Comparing toroidal inductors of different core dimensions

I often see comparisons of toroidal inductors of different core dimensions with all other characteristics (eg turns, core type, frequency) held the same.

There seems an implicit assumption by many that the bigger the core, the larger the inductance. There are several failure in that thinking.

The ‘inductance’ of a toroidal inductor is µ*n^2*a/l where:

  • µ is complex permeability, µ0+µr;
  • n is the number of turns;
  • a is the cross section area; and
  • l is the effective magnetic path length.

Note that at RF, permeability may be a complex frequency dependent value, and therefore ‘inductance’ will be a complex value.

Many online calculators incorrectly calculate l from core dimensions using a simplistic formula.

Many online calculators treat permeability as a real number that is not frequency dependent, they use initial permeability (µi). Continue reading Comparing toroidal inductors of different core dimensions

Review of inexpensive Chinese thermostat – MH1230A

This is a review of an inexpensive MH1230A Chinese bang-bang  thermostat that was purchased on eBay for around A$15 complete with thermistor sensor and postage.

Above is the front view of the thermostat. There are many thermostats on the market with similar front panels, but they differ in internals and most importantly, performance and quality.

Above, the rating label is clear and informational, and it does give the sensor parameters.  Continue reading Review of inexpensive Chinese thermostat – MH1230A

A flexible test panel for microcontroller based power control projects – #2

This article expands on A flexible test panel for microcontroller based power control projects with some enhancements and accessories.

A LED power meter that I had ordered finally arrived (slow boat from China syndrome).

Above, the upper rail contains a RCD, the power meter which displays Volts, Amps, and kW, or pf, hours, and kWh, a DIN mount terminal block for mains, and a 40A SSR on a heatsink. A clip on CT can be used for oscilloscope observation of mains current. Continue reading A flexible test panel for microcontroller based power control projects – #2

Tuned Plate Tuned Grid oscillator – a simple, but complete explanation

A correspondent trying to get his head around old designs was challenged by the Tuned Plate Tuned Grid (TPTG) oscillator in common cathode configuration.

A superficial analysis is that the feedback to the grid from the anode via the anode to grid capacitance (Cag) is in phase with the anode voltage, which because of inversion in the valve means it is negative feed back. How can it cause self oscillation? Continue reading Tuned Plate Tuned Grid oscillator – a simple, but complete explanation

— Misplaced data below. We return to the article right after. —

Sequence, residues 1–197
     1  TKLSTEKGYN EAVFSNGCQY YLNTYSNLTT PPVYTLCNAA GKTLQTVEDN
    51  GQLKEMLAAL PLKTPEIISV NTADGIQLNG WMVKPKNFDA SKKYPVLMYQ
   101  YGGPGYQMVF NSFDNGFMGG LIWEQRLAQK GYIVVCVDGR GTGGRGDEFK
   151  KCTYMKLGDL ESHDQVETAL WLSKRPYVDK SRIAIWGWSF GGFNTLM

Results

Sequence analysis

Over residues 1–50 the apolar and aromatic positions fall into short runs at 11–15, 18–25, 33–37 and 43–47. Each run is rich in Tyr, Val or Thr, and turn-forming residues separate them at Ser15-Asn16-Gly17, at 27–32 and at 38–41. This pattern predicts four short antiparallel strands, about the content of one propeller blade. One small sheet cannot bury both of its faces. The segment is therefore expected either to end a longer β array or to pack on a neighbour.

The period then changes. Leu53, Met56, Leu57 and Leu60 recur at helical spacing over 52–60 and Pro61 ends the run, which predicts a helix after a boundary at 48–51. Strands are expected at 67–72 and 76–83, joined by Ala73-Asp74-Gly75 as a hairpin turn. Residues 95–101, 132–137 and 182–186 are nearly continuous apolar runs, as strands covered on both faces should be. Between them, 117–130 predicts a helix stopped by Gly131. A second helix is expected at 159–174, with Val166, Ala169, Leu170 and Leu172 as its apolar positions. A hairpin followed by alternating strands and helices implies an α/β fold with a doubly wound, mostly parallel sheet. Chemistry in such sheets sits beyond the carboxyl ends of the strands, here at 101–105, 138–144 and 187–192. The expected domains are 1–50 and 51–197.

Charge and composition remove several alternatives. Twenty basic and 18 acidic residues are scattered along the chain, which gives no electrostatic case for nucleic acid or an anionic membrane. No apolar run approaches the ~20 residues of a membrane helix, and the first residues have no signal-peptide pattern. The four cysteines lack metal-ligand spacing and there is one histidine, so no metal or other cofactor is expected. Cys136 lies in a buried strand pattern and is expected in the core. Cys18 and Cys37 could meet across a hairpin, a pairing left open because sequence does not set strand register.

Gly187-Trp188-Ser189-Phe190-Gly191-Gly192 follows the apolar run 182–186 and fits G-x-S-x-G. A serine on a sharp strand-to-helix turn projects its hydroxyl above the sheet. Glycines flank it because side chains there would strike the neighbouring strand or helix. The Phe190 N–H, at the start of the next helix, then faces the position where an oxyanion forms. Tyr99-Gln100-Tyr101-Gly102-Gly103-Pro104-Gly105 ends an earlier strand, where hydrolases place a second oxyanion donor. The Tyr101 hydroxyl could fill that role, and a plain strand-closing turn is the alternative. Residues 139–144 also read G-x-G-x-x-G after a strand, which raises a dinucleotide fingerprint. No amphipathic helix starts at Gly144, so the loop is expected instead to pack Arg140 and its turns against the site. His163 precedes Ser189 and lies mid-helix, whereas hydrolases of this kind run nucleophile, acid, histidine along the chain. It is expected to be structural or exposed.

A flexible test panel for microcontroller based power control projects

I do a lot of experiments with microcontrollers switching mains powered equipment, and the test beds have always been improvised. It has always been my intention to formalise something for convenience but mainly for better safety.

The article describes a test panel to fill that need.

The panel is constructed on a piece of 3mm aluminium sheet, drilled and tapped to take two sections of 35mm DIN rail for flexible mounting of accessories.

Above is a pic of the test panel in use to test the generic heating / cooling controller (hcctl), a flexible bang-bang controller based on an ATTiny25. Continue reading A flexible test panel for microcontroller based power control projects

Fixes #1: magnetic stirrer with heating plate and digital display XB 85-2

Review: magnetic stirrer with heating plate and digital display XB 85-2 documented problems that prevented the device being very useful.

Attempts to tune the supplied PID controller above were frustrated by a lack of meaningful documentation supplied or found in searches on the ‘net, and the fact that the display is sometimes faked to appear that the temperature has stabilised. With any non-zero I term, it behaved badly and some observations suggest that it suffers from integral windup. It is truly a piece of Chinese junk and unusable.

Above is an independent logger capture of the temperature from switch on. There is a large overshoot, and then, no matter what the settings, it oscillates and the lowest amplitude obtained was 1°pp (above). The overshoot is almost as much as observed in manual warm up when power is cut at 40°. Continue reading Fixes #1: magnetic stirrer with heating plate and digital display XB 85-2